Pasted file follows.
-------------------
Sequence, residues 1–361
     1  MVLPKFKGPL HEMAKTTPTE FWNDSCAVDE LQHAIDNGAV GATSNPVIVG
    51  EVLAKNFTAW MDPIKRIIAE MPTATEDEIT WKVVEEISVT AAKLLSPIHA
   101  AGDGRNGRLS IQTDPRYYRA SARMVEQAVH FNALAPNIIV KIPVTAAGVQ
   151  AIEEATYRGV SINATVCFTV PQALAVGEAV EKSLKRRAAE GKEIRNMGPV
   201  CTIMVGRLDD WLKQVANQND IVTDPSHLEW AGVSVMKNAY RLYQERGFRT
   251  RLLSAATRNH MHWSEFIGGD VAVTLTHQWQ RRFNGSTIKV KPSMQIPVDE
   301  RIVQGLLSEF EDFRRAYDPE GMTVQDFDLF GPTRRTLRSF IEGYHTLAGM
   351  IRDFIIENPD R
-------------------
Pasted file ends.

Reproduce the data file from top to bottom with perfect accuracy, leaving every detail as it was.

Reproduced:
Sequence, residues 1–361
     1  MVLPKFKGPL HEMAKTTPTE FWNDSCAVDE LQHAIDNGAV GATSNPVIVG
    51  EVLAKNFTAW MDPIKRIIAE MPTATEDEIT WKVVEEISVT AAKLLSPIHA
   101  AGDGRNGRLS IQTDPRYYRA SARMVEQAVH FNALAPNIIV KIPVTAAGVQ
   151  AIEEATYRGV SINATVCFTV PQALAVGEAV EKSLKRRAAE GKEIRNMGPV
   201  CTIMVGRLDD WLKQVANQND IVTDPSHLEW AGVSVMKNAY RLYQERGFRT
   251  RLLSAATRNH MHWSEFIGGD VAVTLTHQWQ RRFNGSTIKV KPSMQIPVDE
   301  RIVQGLLSEF EDFRRAYDPE GMTVQDFDLF GPTRRTLRSF IEGYHTLAGM
   351  IRDFIIENPD R